Gardening for health
I really, really love to garden. Lately, I have been spending my nights curled up with seed catalogs, lusting over mouth-watering descriptions and anxiously awaiting Mother's Day - not only because my mom is an amazing gardener who inspires many of my garden projects, but because the second Sunday in May is generally recognized as the "safe" time to start planting tender seeds and transplants in Denver, Colorado.
Last weekend I built a salad table for my backyard. I have a plot in the Edgewater Community Garden. And I am super excited to be working on a community herb garden with Eastside Growers Collective (where I also have an individual plot dedicated exclusively to melons and winter squash - a Cucurbitaceae collection for my botany brethren). I even started a worm farm - which is a whole other post entirely ..
I may be going overboard ;)
So, to justify my obsession, and for newbies that may be considering digging in for the first time, or for old-timers that need a few more reasons to justify hours spent playing in the dirt - I complied a few of the many health benefits that can be found in the garden.
Growing your own food ensures that you will have access to the tastiest produce imaginable. Children will often happily eat veggies straight from the garden that they would never consider eating from the store. The nutrient content in organic food is higher then conventional and you can't get more local then the backyard. Eating your 5-7 servings a day is easy and delicious when you are a gardener.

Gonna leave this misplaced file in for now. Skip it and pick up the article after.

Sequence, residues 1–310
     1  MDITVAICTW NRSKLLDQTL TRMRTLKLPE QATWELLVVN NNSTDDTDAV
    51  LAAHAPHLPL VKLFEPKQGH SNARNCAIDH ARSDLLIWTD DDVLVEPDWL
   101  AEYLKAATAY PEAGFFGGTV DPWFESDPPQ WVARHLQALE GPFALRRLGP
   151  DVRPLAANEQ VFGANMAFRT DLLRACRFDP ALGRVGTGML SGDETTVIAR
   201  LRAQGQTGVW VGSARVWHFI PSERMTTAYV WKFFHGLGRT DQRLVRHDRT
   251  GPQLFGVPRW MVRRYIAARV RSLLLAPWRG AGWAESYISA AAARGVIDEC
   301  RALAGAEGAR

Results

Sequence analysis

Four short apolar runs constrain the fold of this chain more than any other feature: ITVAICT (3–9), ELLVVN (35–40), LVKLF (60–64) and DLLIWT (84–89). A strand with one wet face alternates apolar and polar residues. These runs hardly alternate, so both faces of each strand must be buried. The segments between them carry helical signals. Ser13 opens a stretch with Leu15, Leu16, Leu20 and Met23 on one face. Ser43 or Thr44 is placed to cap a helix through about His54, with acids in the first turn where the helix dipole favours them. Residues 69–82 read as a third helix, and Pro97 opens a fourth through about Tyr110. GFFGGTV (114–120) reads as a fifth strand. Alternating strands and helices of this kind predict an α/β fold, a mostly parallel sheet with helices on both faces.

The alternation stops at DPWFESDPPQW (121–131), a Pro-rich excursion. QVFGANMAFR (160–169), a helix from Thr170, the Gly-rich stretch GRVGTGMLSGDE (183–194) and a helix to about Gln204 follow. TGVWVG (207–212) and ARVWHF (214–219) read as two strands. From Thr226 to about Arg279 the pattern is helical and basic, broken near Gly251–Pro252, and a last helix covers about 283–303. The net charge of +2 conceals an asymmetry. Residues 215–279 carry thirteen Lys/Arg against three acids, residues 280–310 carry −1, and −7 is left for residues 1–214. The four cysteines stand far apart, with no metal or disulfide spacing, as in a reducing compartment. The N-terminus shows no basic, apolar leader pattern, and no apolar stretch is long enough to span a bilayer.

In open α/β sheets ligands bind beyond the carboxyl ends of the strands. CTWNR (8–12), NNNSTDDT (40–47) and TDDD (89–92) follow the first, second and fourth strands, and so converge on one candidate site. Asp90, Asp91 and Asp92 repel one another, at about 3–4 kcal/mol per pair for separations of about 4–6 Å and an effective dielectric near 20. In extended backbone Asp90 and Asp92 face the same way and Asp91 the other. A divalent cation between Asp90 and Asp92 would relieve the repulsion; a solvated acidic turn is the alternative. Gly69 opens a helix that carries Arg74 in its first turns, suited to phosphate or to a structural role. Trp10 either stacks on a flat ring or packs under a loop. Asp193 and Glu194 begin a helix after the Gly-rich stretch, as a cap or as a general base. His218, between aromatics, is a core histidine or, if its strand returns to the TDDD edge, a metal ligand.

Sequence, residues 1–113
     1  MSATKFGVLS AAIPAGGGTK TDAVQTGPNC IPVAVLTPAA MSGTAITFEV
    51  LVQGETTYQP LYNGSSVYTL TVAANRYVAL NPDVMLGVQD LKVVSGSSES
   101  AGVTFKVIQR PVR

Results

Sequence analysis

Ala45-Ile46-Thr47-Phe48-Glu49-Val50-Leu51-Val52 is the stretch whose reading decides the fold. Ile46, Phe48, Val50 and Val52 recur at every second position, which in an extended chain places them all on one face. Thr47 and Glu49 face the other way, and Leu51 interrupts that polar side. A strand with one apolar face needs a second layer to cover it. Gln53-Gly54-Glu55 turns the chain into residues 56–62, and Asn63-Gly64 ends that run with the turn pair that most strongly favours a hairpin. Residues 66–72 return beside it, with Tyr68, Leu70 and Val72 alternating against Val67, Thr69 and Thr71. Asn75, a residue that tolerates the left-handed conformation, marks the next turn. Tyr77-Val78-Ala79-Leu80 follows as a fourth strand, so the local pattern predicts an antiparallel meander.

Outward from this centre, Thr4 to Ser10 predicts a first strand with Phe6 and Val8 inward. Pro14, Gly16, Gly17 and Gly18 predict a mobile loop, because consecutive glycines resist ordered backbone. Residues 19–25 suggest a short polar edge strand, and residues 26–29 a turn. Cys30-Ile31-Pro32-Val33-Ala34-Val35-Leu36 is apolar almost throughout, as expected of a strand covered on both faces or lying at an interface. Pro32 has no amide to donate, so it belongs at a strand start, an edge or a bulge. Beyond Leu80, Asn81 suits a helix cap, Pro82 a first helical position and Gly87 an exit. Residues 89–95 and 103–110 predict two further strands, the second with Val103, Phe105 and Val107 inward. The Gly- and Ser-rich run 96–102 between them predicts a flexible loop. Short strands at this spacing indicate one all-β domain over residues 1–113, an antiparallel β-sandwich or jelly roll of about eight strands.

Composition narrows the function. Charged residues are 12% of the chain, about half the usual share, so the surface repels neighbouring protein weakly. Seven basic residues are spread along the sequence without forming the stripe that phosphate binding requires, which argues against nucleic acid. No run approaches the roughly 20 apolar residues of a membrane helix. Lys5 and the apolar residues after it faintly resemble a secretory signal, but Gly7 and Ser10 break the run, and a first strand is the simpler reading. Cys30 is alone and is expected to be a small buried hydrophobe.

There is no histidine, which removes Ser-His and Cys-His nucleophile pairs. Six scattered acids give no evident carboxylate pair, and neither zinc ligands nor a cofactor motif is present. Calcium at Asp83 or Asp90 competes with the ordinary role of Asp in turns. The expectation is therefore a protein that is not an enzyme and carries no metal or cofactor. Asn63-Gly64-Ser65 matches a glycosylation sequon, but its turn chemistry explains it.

There has been increased awareness of widespread Vitamin D deficiency over the past few years. I have been surprised to find out that even in sunny Colorado, many of my patients are deficient. So before you slather on the sunscreen, consider letting your limbs get some sunshine. Be sure to keep your face covered and don't get burned. The amount of time you need depends on your skin type, time of day and personal health history. This is a good topic to discuss with your health care provider.
Gardening burns between 200-600 calories per hour. As anyone who has ever maneuvered a wheelbarrow knows, gardening also improves strength, flexibility and balance. Gardening a few times a week can decease your chance of developing heart disease, metabolic syndrome and type 2 diabetes!
Remember to go organic - you wouldn't want to negate any of your gardening health benefits by breathing in and ingesting toxic pesticides.